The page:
The power of personal experience
Convinced I knew it all, heart-intuition is the vortex around which my whole being rotates. I know which steps to take before making any decision, or confronting adversity. The truth on the other hand- what I think I know about what I know, does not necessarily correspond to what I actually know. What I know is the perspective I have of reality. That depends on a number of factors, primarily what I put into my brain: what I feed it. Fear is often decisive.
I had hands-on experience two weeks ago. I had a very tight deadline. The closer I got to (the inevitability of not possibly meeting the) deadline, the more anxious I got. I came so close to giving up. I did not give up, but I almost did. I felt I was drowning in the pressure and the solitude that suddenly crept in. I felt absurdly ashamed. I did not ask for help because of the stigma I would have to face- only the weak seek help. But, let us think about this together- is it not the opposite? Is it not the strong that recognise they have a problem- who face up and show up? Is it not part of the human condition to experience, among others, confusion, despair, pain, vulnerability? We are human and not robots after all. What can we gain from this? Where is the cost-benefit when it comes to work?
The experience actually worked out to be emancipatory, but it could have been paralyzing. I learned that what I think, what I do and how I act are not a constant: a work of precision. It is messy. I was able to understand this with the help of a coach, which took me along the path of self-consciousness only because I chose self-empathy and love, over self-pity and condemnation. I incarnated my being, as a protagonist, and simultaneously took on the role of objective spectator, which gave me incredible clarity and insight. I was intentional about dealing with the root of the fear and explored ways to control it, as opposed to having it control me. According to the neuroscientist Caroline Leaf, it takes 63 days to build a habit. To reinvent oneself is possible. Change and transformation are at hand: engage daily in the practice of renovating/renewal of the mind, step-by-step, always looking ahead, always in movement, without stopping.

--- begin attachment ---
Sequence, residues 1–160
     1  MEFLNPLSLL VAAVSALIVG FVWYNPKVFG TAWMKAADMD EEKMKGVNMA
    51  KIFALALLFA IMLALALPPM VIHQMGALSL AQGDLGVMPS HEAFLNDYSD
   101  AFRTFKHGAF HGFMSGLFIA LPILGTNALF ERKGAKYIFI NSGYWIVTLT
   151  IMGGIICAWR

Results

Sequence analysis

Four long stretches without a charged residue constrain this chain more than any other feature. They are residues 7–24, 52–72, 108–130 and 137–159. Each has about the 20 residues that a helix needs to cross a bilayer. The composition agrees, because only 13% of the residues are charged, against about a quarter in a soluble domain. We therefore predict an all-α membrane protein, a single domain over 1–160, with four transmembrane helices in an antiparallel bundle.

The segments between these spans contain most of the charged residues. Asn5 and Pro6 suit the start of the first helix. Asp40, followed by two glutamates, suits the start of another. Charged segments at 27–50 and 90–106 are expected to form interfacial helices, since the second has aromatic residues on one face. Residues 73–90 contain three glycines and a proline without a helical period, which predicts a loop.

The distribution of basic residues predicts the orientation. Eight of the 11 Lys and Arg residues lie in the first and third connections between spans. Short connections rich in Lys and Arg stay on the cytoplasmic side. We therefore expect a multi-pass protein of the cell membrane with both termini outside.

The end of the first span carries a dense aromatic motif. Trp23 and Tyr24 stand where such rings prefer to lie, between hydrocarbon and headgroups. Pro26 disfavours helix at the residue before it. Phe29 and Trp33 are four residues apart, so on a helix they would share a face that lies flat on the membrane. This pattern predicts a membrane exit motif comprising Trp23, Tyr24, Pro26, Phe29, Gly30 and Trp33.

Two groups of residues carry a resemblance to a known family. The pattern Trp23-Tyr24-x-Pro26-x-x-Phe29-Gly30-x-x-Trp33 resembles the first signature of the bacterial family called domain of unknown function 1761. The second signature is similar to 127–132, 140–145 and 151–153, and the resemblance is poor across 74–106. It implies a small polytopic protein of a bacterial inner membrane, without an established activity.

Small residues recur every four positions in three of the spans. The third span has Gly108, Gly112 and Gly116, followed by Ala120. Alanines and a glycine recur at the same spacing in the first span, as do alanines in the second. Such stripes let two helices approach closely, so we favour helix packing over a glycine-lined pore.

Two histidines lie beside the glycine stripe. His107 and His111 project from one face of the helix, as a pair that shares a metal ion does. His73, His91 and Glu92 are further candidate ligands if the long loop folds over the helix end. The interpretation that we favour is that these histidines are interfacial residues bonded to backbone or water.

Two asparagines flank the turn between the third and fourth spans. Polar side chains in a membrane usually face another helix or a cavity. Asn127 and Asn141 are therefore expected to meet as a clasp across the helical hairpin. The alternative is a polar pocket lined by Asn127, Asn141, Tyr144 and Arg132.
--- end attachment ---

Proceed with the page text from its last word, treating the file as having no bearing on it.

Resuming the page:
We intended that the reflection in this article would stimulate our thinking around possibilities and the power of self-interrogation, self-observation in a process of lifelong evolution. We have a single life – the personal and the professional merge means that, contrary to common belief, we take our whole selves to work and from work home again – we do not leave any part of ourselves behind. How can we deal more effectively with the pressures, fears, anxieties of life-work as a whole?
We ought to seek and find our best pathway. Coaching, therapy, psychoanalysis, meditation, sitting with God, there are many paths from which to choose. The key is to learn to embrace and confront whatever is standing in the way: fears, frustrations, negative sentiments/emotions, resentment- understand them, identify/seek the root, release them, do not suffocate, or push them aside. They will not simply go away and will come back (often with a vengeance) to haunt, and often block us from becoming our best versions as parents, lovers, friends, leaders, managers, and professionals.
[* This co-authored article is the product of an extraordinary collaboration with Rafaela Britto, expert and lecturer in Corporate Comunication, São Paulo, Brazil. Extremely grateful for the engagement, insight, and opportunity to work with Rafaela Britto in an ambiance of excellence, in spite of our geographic positions.